The alliance has developed a call to action regarding the importance of an interdisciplinary approach to addressing malnutrition both in the hospital and in the acute post-hospital phase. Empowerment of all clinicians, recognition and diagnosis of all patients, same-day automatic intervention for all at-risk patients, education and involvement of patients in their nutrition care, and appreciation of the value of nutrition by all hospital stakeholders is absolutely critical. The alliance plan features a quality improvement program (QIP), which includes an initial screening for risk of malnutrition, communication plans for rapid intervention for those judged at risk and finally, a discharge plan that includes nutritional care.

Several studies have been done recently investigating the effect of implementing a QIP on reducing non-elective 30-day readmissions and healthcare costs for hospitalized patients identified as malnourished. The authors concluded that 30-day non-elective hospital readmissions and healthcare costs from avoided readmissions can be significantly decreased, while hospital and patient savings can be improved among the malnourished inpatient population through a rapid, comprehensive QIP.

To learn more about the importance of nutritional care in the current healthcare environment and plans for early nutrition intervention, listen to our podcast and/or read the transcript.

Intalere Member Best Practice Spotlight-Northern Arizona Healthcare/Flagstaff Medical Center-Reduction of Hospital Readmissions for Patients with Previously Identified Malnutrition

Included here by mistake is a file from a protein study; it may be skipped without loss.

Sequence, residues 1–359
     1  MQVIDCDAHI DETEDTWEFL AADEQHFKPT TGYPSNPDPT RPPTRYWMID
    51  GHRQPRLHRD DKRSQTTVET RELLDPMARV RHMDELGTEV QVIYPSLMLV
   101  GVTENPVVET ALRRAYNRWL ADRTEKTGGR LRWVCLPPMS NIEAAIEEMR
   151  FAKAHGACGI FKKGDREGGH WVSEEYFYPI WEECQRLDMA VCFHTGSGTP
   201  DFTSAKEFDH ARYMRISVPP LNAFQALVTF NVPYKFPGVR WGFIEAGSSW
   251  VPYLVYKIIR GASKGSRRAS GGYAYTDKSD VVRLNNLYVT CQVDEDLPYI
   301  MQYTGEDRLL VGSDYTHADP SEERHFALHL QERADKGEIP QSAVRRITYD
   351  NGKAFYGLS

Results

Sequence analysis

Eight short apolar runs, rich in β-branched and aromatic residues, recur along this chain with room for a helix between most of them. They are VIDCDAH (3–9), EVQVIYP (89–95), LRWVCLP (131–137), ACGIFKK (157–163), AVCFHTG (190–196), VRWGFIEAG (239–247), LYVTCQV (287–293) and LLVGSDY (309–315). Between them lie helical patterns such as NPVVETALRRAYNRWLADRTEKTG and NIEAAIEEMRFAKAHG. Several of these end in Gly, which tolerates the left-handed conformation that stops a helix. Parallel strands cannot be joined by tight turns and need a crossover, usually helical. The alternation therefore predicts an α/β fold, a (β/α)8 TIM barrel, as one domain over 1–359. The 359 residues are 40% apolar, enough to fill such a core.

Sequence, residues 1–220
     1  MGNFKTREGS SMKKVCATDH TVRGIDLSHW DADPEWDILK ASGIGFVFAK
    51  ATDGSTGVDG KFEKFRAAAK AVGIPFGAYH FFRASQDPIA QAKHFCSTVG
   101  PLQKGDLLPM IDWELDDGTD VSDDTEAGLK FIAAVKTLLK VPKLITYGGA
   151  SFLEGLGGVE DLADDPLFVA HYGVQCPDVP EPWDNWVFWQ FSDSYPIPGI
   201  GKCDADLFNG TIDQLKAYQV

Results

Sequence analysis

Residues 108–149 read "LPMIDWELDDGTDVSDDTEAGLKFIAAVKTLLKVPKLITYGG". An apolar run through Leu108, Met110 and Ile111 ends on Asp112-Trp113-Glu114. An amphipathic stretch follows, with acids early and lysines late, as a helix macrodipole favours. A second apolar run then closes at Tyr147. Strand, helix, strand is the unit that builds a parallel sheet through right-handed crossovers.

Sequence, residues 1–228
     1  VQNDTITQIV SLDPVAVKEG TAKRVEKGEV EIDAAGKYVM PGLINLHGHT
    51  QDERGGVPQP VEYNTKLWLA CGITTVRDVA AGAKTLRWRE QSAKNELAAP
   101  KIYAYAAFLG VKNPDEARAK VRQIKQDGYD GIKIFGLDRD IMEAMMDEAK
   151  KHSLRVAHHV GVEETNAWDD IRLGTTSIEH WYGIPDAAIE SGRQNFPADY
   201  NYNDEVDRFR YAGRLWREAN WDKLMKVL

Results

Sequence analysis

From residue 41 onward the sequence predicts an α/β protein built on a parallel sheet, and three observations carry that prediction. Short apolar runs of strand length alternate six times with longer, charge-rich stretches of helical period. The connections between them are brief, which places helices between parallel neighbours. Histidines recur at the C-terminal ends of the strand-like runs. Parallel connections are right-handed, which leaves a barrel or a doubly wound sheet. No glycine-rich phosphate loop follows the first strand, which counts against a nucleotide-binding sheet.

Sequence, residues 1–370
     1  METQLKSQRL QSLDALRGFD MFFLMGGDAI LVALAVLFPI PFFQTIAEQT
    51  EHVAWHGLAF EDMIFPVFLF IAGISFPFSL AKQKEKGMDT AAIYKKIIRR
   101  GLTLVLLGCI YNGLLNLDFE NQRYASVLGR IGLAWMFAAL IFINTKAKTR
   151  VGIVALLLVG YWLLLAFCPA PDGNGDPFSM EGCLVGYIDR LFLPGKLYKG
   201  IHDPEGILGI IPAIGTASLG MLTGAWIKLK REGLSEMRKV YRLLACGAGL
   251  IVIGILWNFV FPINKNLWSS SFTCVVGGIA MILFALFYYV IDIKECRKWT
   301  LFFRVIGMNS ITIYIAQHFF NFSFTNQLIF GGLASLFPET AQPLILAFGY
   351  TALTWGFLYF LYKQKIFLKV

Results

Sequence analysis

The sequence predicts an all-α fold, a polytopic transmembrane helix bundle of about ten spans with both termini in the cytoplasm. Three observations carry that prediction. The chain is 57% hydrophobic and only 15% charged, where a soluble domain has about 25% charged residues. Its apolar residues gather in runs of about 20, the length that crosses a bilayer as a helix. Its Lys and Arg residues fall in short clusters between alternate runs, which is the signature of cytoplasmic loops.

ISSUE

Malnutrition is a serious issue, with 1 in 3 U.S. hospital patients being affected. The Centers for Medicare and Medicaid Services (CMS) have projected reduced reimbursement for malnutrition readmissions within 30 days of discharge. At Flagstaff Medical Center (FMC), 42% of patients identified at risk for malnutrition were being readmitted within 30 days of discharge.

SOLUTION

An evidence-based intervention study was implemented to identify strategies to minimize the number of patients readmitted due to malnutrition. Malnutrition education was implemented, including development of a “Malnutrition Guide” which was reviewed with all inpatient staff and providers. A “Malnutrition Protocol” was established for early identification, diagnosis, treatment and discharge planning to reduce 30-day hospital readmissions.

OUTCOME

The Malnutrition Protocol for discharge management and the prevention of readmissions resulted in a reduction of length of stay for this population and a reduction of readmission days. In a 12-month study, cost savings of $76,417 for a 101.89 reduction in hospital days and prevention of 23 patient readmissions was realized. The malnutrition readmission rate was reduced from 42% to 9.89%.

ABOUT NORTHERN ARIZONA HEALTHCARE-FLAGSTAFF MEDICAL CENTER

Flagstaff Medical Center (FMC), a member of Northern Arizona Healthcare, is a full-service, 267-bed, Level 1 Trauma Center facility. FMC has approximately 2,000 employees and more than 200 physicians on its active medical staff. FMC’s mission is to improve the health of the people and communities it serves.

Check out the project video and view FMC’s page in the 2016 Intalere Best Practices Compendium.

 

 

 

Intalere Member Best Practice Spotlight: Crossing Rivers Health Navigating the C’s – Collaboration, Coordination and Continuity – to Reduce Readmissions

Crossing River Health

This post looks at how the implementation of an interdisciplinary readmission team at Crossing Rivers Health in Wisconsin helped dramatically reduce readmission rates.

Issue

Crossing Rivers Health was missing the consistency necessary to sustain a reduction in readmission rates. The facility’s goal was to enhance collaboration, coordination and continuity related to patient care transitions.

Solution